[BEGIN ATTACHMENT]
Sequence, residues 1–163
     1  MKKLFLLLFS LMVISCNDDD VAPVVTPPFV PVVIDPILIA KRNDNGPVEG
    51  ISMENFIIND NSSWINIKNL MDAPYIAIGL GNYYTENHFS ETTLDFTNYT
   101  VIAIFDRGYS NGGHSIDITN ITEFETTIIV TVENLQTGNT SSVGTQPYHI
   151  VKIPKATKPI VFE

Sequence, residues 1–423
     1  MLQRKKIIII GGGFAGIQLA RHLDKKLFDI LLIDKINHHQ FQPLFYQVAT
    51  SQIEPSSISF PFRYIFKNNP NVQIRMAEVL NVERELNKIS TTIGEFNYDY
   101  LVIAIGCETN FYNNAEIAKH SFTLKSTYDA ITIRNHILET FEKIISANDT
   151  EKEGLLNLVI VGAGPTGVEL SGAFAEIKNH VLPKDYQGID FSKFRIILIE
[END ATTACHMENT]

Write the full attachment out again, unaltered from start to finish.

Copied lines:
Sequence, residues 1–163
     1  MKKLFLLLFS LMVISCNDDD VAPVVTPPFV PVVIDPILIA KRNDNGPVEG
    51  ISMENFIIND NSSWINIKNL MDAPYIAIGL GNYYTENHFS ETTLDFTNYT
   101  VIAIFDRGYS NGGHSIDITN ITEFETTIIV TVENLQTGNT SSVGTQPYHI
   151  VKIPKATKPI VFE

Sequence, residues 1–423
     1  MLQRKKIIII GGGFAGIQLA RHLDKKLFDI LLIDKINHHQ FQPLFYQVAT
    51  SQIEPSSISF PFRYIFKNNP NVQIRMAEVL NVERELNKIS TTIGEFNYDY
   101  LVIAIGCETN FYNNAEIAKH SFTLKSTYDA ITIRNHILET FEKIISANDT
   151  EKEGLLNLVI VGAGPTGVEL SGAFAEIKNH VLPKDYQGID FSKFRIILIE